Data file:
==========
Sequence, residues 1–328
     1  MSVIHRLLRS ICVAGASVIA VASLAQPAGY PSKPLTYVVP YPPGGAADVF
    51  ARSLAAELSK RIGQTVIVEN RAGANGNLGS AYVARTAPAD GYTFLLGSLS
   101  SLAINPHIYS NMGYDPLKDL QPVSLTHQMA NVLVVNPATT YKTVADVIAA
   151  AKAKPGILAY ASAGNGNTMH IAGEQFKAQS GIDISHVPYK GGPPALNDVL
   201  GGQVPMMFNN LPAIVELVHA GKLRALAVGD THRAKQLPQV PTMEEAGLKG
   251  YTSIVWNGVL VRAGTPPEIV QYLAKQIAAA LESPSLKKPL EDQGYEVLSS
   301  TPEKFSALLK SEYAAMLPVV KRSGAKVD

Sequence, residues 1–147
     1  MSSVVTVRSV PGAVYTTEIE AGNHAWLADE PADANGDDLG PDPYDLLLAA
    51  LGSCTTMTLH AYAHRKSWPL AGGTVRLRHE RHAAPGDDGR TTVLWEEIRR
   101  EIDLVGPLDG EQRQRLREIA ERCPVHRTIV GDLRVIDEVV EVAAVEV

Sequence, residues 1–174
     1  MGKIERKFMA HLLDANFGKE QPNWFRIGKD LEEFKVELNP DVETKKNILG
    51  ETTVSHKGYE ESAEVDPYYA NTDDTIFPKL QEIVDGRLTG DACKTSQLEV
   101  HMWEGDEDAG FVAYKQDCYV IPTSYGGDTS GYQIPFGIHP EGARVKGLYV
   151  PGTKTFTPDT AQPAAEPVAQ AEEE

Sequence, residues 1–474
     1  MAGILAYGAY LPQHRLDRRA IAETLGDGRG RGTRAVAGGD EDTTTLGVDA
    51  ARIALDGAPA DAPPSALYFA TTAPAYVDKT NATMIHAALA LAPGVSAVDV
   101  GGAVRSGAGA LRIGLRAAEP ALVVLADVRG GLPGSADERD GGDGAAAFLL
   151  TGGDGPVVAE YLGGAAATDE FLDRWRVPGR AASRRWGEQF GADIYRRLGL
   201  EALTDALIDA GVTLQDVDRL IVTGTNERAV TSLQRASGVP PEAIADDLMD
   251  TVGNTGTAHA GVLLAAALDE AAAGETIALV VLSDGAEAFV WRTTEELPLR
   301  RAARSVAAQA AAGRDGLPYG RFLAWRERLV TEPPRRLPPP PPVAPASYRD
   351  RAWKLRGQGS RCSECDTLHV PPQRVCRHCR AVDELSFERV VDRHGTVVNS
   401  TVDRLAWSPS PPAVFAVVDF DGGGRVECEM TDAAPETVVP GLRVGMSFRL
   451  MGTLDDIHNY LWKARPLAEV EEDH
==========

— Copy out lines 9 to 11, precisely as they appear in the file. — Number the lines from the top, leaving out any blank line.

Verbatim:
Sequence, residues 1–147
     1  MSSVVTVRSV PGAVYTTEIE AGNHAWLADE PADANGDDLG PDPYDLLLAA
    51  LGSCTTMTLH AYAHRKSWPL AGGTVRLRHE RHAAPGDDGR TTVLWEEIRR